Across the Board Part 4: Permissions Director

Old Trail Marker at Hastings Lake

One of the marvels of the Waskahegan Trail was how we were able to get permission from so many private individuals to build trails on their land.

It was a slow start. In the late 60’s, the hardest task was getting out and approaching landowners.

But once Stan Skirrow got involved, everything took off. As he tells it in the Waskahegan Trail Guidebook, “It was found that farm people didn’t get into a dreadful fit when you made a request of them. It was found that for every NO, there are many YESes and that there are many fine chats and cups of coffee. Farm people, after all, are special.”

Stan insisted that all agreements would be verbal. This meant we would always have to earn the privilege of ongoing permission.

Stan also built long term friendships with landowners and their families. He visited them regularly, and even attended their funerals. As a result, their generosity and trust continued over the years as land was divided and sold or passed on to younger generations.

In short, the trail has momentum.

When land is sold and we discover we have new landowners, it’s almost always a positive situation. One landowner told us, “When we bought this property we were thrilled to discover that we were part of the Waskahegan Trail network.”

The Permissions Director works with Trail Maintenance and other volunteers to address landowner concerns and find solutions—such as our recent signage improvements. Sometimes communication starts with us, like when we need to ask for permission to reroute a trail.

Landowners get in touch with us either through our website’s Contact page or by posting a message on our Facebook page. But us contacting them is sometimes more convoluted. We keep records of land descriptions and owner information, but when land changes hands, we don’t always know about it right away. Usually a land title search or a visit is all it takes to discover a new landowner and update our records.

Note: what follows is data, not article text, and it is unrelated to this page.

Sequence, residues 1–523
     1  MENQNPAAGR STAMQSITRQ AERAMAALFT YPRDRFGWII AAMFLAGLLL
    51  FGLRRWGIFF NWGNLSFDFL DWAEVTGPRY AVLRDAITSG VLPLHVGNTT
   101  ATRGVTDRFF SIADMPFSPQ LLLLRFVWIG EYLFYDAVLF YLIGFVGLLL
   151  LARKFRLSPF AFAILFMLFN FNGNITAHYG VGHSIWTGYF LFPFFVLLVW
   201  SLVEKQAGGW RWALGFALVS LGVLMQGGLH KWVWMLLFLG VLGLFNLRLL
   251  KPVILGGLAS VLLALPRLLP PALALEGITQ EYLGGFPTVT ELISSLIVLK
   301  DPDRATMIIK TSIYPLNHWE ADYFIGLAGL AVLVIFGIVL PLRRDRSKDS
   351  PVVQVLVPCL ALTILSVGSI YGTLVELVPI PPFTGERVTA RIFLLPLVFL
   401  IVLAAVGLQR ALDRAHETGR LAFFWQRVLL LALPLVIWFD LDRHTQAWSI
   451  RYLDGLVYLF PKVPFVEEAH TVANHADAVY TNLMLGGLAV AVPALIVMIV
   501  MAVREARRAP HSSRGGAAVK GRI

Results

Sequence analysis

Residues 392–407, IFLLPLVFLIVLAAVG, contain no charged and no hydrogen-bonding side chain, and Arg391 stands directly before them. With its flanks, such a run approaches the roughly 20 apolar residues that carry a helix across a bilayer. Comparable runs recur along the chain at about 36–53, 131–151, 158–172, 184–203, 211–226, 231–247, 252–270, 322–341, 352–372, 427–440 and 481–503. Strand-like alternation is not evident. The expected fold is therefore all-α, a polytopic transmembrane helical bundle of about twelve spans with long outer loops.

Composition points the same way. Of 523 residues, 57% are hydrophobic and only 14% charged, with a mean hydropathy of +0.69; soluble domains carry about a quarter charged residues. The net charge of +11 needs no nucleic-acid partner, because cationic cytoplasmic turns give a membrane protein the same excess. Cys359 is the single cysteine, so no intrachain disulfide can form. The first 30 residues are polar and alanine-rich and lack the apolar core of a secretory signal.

Duties of the Permissions Committee Chair

  • Be a single point of contact for landowners having questions or concerns.
  • Visit landowners—accompanied by another member—as required.
  • Ensure that the records of landowners and site descriptions are up to date.
  • Report to board meetings.

The only requirement is the ability to attend most meetings.

Come for a Visit

Why not visit the next board meeting on November 23? It’s the best way to find out what we’re all about.
If you have any questions about the duties of the Permissions Director, JoAnne or Karen will be happy to talk to you.
Next time, we’ll look at Social Convenor.

Read about other board positions:

Part 3: Hike Coordinator
Part 2: Trail Maintenance Coordinator
Part 1: Membership Secretary

Hiking Bunchberry Meadows

Six of us set out in the crisp coolness of the morning through the pathways of Tuckers Field along a ridge of old trees and fallen leaves to arrive at Bunchberry’s backdoor. The forest held such a variety with meadows inbetween. Here the birch make their stand.Tamaracks laid a cushy yellow carpet and perfumed the air. 

The sun was out to celebrate our day hiking Bunchberry!

View more pictures on Flickr.